When the coronavirus pandemic hit Australia last year, tens of thousands of students were forced to learn from home for the first time ever.
Dozens of Australian schools were also closed for deep cleaning after exposure to the virus.
That’s left some teachers feeling uneasy about returning to the classroom for a new school year, which began this week for a handful of states.
Here’s a look at Australia’s plan for vaccinating teachers and children, as well what’s being done to keep them safe on-site.
Where are teachers in the vaccine queue?
Teachers are not specifically mentioned in Australia’s vaccine rollout plan, meaning they will only be able to get the jab when their age group or medical history permits.
However, teachers unions are lobbying the federal government to rethink the rollout, saying vaccinating teachers early on is one of the most important things Australia can do to keep schools open this year.
“It only takes one student or one staff member to close a school down, and we don’t want to see that in 2021,” Independent Education Union secretary Mark Northam said.
“We believe that our members in schools should be included in either phase 1 or phase 2 of the rollout.”
Mr Northam said while teachers had done an incredible job adapting to the pandemic in 2020 it has not been easy, and some are concerned about returning to work.
“They’ve really done the work of magicians in schools,” he said.
Different nations across the world are taking different approaches to teacher vaccination.
Russia gave teachers access to its Sputnik V vaccine as part of the first priority group, for example, and the United States’ Centers for Disease Control and Prevention has recommended that states prioritise teachers during their second phase of rollouts.
There are also calls in other nations for teaching staff to be given greater vaccination priority, with a parliamentary petition in Britain having garnered around half a million signatures.
Why haven’t teachers been given higher priority?
Australian Medical Association vice president Chris Moy said while teachers definitely fill an essential role in society, it is not particularly high-risk for contracting COVID-19.
“Urgency is there, but urgency is relative to others,” he said.
“Their risk is going to still be, because Australia has done so well, relatively low, and certainly much less, for example, than frontline workers in hotel quarantine and emergency department staff.”
A Department of Health spokesperson said Australia’s vaccine rollout strategy was prioritised around three groups: “those at increased risk of exposure, those who have an increased risk, relative to others, of developing severe disease or outcomes from COVID-19, and those working in services critical to societal functioning”.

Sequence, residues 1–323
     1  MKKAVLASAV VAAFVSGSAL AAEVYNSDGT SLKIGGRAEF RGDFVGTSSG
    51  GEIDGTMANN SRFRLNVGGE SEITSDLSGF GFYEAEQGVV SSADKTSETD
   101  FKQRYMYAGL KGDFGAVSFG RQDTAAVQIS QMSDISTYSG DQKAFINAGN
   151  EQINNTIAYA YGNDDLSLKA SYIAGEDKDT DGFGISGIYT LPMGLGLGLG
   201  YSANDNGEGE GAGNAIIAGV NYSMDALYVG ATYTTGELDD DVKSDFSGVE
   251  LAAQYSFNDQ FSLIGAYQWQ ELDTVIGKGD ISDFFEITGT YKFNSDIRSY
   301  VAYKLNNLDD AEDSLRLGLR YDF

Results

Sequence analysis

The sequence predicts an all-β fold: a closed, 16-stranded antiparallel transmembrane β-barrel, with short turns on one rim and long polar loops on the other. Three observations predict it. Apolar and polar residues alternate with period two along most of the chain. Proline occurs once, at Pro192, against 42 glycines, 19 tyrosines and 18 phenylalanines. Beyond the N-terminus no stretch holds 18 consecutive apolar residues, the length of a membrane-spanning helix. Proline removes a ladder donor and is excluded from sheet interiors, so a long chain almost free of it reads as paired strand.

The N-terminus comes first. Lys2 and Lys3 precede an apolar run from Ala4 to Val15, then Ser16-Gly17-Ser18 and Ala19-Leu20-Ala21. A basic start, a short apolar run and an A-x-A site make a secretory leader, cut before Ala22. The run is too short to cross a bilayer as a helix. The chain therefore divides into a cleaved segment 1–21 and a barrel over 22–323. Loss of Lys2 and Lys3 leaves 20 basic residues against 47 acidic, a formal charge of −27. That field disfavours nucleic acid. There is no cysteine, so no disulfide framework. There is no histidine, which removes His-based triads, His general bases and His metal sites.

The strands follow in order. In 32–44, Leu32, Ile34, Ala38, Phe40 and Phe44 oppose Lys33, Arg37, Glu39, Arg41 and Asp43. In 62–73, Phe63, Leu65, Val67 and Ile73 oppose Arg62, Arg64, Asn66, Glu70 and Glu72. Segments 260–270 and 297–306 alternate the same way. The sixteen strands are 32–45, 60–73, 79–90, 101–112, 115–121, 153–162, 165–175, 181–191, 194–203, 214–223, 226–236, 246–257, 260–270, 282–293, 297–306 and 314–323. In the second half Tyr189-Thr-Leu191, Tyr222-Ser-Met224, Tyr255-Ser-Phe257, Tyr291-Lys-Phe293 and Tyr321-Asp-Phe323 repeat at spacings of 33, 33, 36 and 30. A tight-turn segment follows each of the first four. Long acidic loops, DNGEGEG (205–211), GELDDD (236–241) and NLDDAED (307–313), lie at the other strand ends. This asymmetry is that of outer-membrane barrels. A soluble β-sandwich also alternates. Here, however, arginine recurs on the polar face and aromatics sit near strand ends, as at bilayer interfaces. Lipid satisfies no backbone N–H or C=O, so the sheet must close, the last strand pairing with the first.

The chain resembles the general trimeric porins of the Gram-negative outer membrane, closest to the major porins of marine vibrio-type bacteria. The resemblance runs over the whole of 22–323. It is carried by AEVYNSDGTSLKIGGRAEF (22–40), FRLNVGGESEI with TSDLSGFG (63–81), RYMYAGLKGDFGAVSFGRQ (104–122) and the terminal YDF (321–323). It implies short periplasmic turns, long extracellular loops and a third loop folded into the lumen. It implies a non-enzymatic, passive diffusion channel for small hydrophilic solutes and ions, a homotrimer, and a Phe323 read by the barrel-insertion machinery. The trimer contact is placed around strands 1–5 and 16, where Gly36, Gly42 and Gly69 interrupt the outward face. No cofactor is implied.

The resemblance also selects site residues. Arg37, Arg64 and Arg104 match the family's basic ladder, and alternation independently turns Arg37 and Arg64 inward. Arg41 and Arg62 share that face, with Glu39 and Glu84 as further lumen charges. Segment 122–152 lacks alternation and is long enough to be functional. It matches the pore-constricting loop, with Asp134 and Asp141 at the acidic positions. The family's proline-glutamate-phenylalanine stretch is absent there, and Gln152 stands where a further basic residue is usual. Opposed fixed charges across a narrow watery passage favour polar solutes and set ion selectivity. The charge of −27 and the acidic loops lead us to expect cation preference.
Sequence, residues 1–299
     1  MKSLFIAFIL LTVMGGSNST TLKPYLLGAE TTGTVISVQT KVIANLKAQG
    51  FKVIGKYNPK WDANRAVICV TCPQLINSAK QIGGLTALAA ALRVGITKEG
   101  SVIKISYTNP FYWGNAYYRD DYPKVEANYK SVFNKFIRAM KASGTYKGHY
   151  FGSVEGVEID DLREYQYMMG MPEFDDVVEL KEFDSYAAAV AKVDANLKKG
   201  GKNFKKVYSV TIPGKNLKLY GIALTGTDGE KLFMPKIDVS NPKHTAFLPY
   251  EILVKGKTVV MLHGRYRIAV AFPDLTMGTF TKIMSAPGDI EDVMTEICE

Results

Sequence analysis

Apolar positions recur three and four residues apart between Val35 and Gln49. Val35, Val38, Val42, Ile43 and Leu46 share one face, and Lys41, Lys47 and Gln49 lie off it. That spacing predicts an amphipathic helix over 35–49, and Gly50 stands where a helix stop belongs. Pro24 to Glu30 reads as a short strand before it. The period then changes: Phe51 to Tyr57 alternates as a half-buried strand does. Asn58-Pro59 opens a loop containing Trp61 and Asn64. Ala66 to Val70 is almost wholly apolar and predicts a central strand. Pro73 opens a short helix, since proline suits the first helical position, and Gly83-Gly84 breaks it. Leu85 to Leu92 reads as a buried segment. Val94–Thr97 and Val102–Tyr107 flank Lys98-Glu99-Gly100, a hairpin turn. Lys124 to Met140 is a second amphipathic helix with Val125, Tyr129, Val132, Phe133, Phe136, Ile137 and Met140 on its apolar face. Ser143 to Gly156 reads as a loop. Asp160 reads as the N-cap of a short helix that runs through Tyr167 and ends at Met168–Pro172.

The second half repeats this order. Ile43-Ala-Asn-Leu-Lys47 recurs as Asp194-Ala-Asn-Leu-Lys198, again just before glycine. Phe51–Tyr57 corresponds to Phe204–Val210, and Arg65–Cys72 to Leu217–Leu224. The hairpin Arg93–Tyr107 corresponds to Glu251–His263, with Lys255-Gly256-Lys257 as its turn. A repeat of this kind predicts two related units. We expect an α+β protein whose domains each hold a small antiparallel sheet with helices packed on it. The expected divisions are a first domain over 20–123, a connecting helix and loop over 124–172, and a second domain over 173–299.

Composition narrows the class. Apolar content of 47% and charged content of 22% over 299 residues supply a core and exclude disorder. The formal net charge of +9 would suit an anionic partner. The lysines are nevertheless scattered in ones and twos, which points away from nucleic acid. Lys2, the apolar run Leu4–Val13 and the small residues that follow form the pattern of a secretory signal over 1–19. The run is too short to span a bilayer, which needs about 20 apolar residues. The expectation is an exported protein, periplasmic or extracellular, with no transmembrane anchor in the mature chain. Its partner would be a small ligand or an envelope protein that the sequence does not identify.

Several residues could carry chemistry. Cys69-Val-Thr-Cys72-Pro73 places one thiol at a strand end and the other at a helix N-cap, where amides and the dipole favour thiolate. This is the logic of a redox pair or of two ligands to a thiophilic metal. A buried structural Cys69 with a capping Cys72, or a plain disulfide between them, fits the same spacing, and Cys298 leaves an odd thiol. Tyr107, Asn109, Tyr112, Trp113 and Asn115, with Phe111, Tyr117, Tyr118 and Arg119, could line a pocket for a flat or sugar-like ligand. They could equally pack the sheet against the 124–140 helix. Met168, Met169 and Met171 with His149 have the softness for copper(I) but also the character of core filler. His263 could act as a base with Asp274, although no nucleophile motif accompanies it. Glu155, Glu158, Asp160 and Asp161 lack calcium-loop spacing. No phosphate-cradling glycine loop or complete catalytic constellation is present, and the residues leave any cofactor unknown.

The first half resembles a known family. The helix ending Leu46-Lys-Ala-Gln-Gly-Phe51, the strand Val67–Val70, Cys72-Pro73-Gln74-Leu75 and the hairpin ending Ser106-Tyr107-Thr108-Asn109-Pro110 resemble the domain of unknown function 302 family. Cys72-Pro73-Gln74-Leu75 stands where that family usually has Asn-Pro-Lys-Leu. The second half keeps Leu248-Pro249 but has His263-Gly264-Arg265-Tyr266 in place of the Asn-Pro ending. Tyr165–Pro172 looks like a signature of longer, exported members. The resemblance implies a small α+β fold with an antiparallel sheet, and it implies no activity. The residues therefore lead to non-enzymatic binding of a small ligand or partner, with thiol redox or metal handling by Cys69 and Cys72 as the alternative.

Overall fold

“Any application for critical service designation would be a matter for the medical expert panel,” they said.
When will children under 16 get vaccinated?
Australia’s current COVID-19 vaccination program covers those aged 16 and over.
The government says children under 16 will only be immunised if medical advice later suggests it’s warranted. Until then, they won’t be getting the jab.
Kristine Macartney, an infectious disease paediatrician and the director of the National Centre for Immunisation Research and Surveillance, said it’s unlikely younger children in Australia will get a coronavirus vaccine in the near future.
“Although a number of COVID-19 vaccines are licenced in other countries, there are no vaccines registered for anyone younger than 16. This is because clinical trials have not been conducted in children,” she said.
“So, it will be some time, probably not even in 2021, before we see COVID-19 vaccines registered for use in children, and that’s really a reflection of where the protection needs to be at this early stage of controlling the pandemic.”
How will classrooms be kept COVID-safe?
While there will be subtle differences across the states and territories, the Australian Health Protection Principal Committee has issued a set of nationwide guidelines for schools to follow.
These include breaking off into smaller classes, rearranging classroom furniture to maximise distancing and, where possible, staggering lunch breaks to minimise mixing between different year levels.
Professor Macartney said it will be important to keep these in-school distancing measures up, even if case numbers stay close to zero.
“There are so many measures that work together, and I think it’s only going to be a tweak to these – if at all – in 2021,” she said.
“This, of course, includes the way that children might congregate together, what types of activities they do, good hygiene and environmental cleaning in the classroom, being sure that testing rates are high and that teachers and children don’t’ come to school if they’re at all unwell.”
Additional reporting by Amelia Dunn.
People in Australia must stay at least 1.5 metres away from others.
Check your jurisdiction’s restrictions on gathering limits. If you are experiencing cold or flu symptoms, stay home and arrange a test by calling your doctor or contact the Coronavirus Health Information Hotline on 1800 020 080.
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